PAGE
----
A Pop Quiz for the Education Secretary

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By Amy Argetsinger and Roxanne Roberts
Thursday, July 19, 2007

Poor Margaret Spellings! The secretary of education was ready to talk student loans, No Child Left Behind, blah, blah, blah, when she came into The Post for an interview with editors and reporters last week. So maybe she was taken aback when a reporter (not us, we swear!) asked why she turned down Karl Rove when he asked her out back in the early '80s. (Rove later joked it took his ego "decades to recover.")

Spellings paused, reports our colleague Amit Paley, then said: "Have you met Karl Rove?"

"He was so inept and so inartful," she added. "I mean, I couldn't even understand."

We should note that our mean old co-workers brought up the Rove thing only to change the subject after they had inadvertently made Spellings cry. When asked to describe a side of President Bush the public doesn't know, the secretary started telling an old story about how then-Gov. Bush consoled a Texas official who had broken down while eulogizing a colleague. "Oh, I'm going to cry just telling you the story," she said, removing her glasses and dabbing her eyes with a napkin. "Y'all, I can't believe you did this to me!"

She left the interview still a little weepy and mulling the potential impact of crying in front of the press. "Now you'll take sympathy on me," she said. "Maybe."

The Outgoing Ambassador Rocks On

It's a sad day for rock-and-roll in Washington -- after five years on Embassy Row, Hungarian Ambassador Andras Simonyi is taking his guitar and hitting the road.

Andras Simonyi, with gold record in hand, bids farewell to his favorite rocker, Steve Winwood.
Andras Simonyi, with gold record in hand, bids farewell to his favorite rocker, Steve Winwood.(Roxanne Roberts - The Washington Post)
The 55-year-old diplomat arrived here in 2002 with an international agenda and an unbridled love of all things rock. He formed a band, the Coalition of the Willing, that played clubs and charity events, and jammed with music idols at his residence, making up in enthusiasm what he may have lacked in talent.

To leave on a high note, Simonyi invited his all-time-favorite musician -- Steve Winwood -- to a farewell party Tuesday. The two first met in 1968, when Winwood performed in Budapest (a star-struck 16-year-old Simonyi chronicled the event in his diary), and the ambassador reintroduced himself two years ago. He presented Winwood and former Doobie Brothers guitarist Jeff "Skunk" Baxter with Hungary's Golden Eagle honor, then Rock and Roll Hall of Fame President Terry Stewart gave Simonyi a ceremonial gold record.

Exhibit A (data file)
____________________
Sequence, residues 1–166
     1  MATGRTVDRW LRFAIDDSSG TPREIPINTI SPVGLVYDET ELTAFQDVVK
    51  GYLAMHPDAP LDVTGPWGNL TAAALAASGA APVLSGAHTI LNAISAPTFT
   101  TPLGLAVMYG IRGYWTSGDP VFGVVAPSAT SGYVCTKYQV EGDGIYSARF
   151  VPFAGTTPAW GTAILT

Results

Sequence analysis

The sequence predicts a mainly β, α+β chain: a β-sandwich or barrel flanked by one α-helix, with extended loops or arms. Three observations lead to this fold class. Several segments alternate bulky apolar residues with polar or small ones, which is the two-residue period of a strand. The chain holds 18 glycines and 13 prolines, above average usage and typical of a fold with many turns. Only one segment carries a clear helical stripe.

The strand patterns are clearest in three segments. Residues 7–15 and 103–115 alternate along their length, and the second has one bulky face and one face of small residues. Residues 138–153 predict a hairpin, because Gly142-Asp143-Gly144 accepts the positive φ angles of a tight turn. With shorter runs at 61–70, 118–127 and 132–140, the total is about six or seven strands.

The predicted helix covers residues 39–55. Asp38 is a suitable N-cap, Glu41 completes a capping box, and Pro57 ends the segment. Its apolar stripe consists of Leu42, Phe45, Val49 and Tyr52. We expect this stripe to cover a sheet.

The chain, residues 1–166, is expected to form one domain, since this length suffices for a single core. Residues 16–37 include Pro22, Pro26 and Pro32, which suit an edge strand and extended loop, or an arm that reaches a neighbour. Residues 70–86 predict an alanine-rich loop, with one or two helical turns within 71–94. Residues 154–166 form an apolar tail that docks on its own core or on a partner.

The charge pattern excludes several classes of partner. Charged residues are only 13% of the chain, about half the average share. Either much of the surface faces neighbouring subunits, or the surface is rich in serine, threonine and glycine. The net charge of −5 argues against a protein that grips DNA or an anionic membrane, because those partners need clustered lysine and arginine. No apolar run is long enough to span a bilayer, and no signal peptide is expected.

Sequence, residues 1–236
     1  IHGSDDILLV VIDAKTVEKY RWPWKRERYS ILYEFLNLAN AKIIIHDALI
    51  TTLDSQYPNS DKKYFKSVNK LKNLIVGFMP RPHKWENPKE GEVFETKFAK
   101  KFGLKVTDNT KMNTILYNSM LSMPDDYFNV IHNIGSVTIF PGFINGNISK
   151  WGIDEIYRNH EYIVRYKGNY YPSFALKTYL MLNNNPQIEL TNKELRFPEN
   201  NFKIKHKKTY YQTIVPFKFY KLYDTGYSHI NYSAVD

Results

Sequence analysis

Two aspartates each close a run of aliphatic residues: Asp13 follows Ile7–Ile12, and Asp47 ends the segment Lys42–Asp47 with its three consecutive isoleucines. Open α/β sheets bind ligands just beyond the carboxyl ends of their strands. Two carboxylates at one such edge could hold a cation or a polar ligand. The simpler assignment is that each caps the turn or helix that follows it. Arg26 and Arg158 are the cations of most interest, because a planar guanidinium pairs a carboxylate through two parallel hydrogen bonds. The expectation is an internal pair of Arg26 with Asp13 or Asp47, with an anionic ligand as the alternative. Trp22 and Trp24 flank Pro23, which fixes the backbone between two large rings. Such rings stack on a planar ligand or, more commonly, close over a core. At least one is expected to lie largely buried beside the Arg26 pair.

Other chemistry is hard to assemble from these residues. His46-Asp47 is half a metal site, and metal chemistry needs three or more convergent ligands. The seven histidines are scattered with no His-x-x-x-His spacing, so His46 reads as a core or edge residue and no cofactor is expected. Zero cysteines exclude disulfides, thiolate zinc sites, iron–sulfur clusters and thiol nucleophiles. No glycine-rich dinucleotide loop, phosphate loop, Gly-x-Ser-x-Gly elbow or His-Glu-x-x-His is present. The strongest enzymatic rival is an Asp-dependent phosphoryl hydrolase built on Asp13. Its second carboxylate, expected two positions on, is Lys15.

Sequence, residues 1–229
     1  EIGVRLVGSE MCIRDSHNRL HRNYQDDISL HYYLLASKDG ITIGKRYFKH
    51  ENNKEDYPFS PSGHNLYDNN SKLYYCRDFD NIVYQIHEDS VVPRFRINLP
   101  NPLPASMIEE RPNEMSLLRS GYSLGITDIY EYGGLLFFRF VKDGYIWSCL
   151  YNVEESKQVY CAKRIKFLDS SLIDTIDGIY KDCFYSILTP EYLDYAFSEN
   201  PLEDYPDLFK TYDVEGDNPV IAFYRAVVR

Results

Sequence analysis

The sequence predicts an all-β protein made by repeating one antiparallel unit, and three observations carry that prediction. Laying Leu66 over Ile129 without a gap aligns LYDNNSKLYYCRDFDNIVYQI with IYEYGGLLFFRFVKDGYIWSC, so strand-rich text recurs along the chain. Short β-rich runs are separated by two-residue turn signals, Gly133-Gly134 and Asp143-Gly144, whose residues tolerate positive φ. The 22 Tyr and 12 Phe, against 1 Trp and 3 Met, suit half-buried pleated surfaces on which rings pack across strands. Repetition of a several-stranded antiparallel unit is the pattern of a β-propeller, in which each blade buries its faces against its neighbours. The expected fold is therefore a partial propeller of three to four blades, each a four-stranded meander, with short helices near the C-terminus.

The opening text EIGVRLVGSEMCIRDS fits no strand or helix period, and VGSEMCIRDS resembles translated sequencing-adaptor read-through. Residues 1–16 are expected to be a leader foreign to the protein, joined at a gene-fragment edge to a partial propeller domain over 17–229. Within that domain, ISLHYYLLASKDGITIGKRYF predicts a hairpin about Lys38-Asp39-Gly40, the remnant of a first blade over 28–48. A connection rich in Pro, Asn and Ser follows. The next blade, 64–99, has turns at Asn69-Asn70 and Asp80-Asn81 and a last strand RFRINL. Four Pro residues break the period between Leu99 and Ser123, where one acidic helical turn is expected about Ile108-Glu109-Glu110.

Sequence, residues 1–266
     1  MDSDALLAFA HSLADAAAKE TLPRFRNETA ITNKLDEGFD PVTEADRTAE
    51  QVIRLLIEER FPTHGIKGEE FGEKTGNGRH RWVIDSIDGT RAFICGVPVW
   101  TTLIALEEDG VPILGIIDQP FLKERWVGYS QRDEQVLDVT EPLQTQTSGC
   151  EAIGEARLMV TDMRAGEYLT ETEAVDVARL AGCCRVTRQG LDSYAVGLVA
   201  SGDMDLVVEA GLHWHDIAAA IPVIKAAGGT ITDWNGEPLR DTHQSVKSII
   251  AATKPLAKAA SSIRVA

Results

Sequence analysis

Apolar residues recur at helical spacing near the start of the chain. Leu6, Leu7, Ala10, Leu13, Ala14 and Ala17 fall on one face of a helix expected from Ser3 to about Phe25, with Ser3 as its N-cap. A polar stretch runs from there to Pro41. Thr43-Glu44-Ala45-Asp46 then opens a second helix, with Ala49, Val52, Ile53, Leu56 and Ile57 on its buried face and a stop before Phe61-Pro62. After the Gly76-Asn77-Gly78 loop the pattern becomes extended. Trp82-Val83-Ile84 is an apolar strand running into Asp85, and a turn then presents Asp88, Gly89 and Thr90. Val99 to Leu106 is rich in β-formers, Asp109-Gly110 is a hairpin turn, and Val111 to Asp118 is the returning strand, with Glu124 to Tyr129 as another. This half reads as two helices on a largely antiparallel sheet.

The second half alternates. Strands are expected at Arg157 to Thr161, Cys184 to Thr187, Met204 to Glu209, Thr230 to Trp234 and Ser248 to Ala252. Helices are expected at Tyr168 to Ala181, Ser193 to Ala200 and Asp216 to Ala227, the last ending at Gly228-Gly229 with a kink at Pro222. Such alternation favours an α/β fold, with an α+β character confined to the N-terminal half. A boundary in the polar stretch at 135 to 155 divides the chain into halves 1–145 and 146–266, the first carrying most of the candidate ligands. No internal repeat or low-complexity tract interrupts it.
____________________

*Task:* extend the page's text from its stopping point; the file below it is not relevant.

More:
Simonyi is headed to the private sector -- no word where he's landing -- with guitar in hand. "Nothing can beat being onstage and making people happy," he told us.

GET THIS!

· Comedian Dave Chappelle was hospitalized for "exhaustion" over the weekend, his rep confirmed, but was released after several hours in the ER. Publicist Carla Sims denied reports the D.C. native was treated in L.A. or S.F. . . . was he perhaps closer to home? Sims would say only that he's "with his family and receiving the care he needs."

· It was only a matter of time: "Obama Girl" Amber Lee Ettinger will make her Playboy debut in October. Not nude, though, just in a bikini shot as "babe of the month."

· Oprah writes in her mag's new issue that she's still mourning the May death of her 2-year-old golden retriever Gracie, who choked on a plastic ball belonging to 12-year-old cocker spaniel Sophie. (Hmmmm . . . ) The pup taught her to live life to the fullest: "Everything in life happens to help us live."

HEY, ISN'T THAT . . . ?

· Michael Jackson touring the Smithsonian's National Air and Space and American Indian museums yesterday. The reclusive pop star (trademark hat, sunglasses, striped pants), his kids (well behaved) and bodyguards arrived before the buildings opened to the public. At Air and Space, the 45-minute tour was led by 84-year-old Deputy Director Don Lopez, a World War II ace who gave Jackson a similar tour 25 years ago. The singer lingered over the 1903 Wright Flyer, his kids loved R2-D2 and C-3PO. What's he doing in D.C.? The tourist thing. "He wanted to show them the sights," said rep Raymone Bain, who said Jackson will be in the area for a few days; he's still looking for a summer home, hasn't bought a place yet.


© 2007 The Washington Post Company

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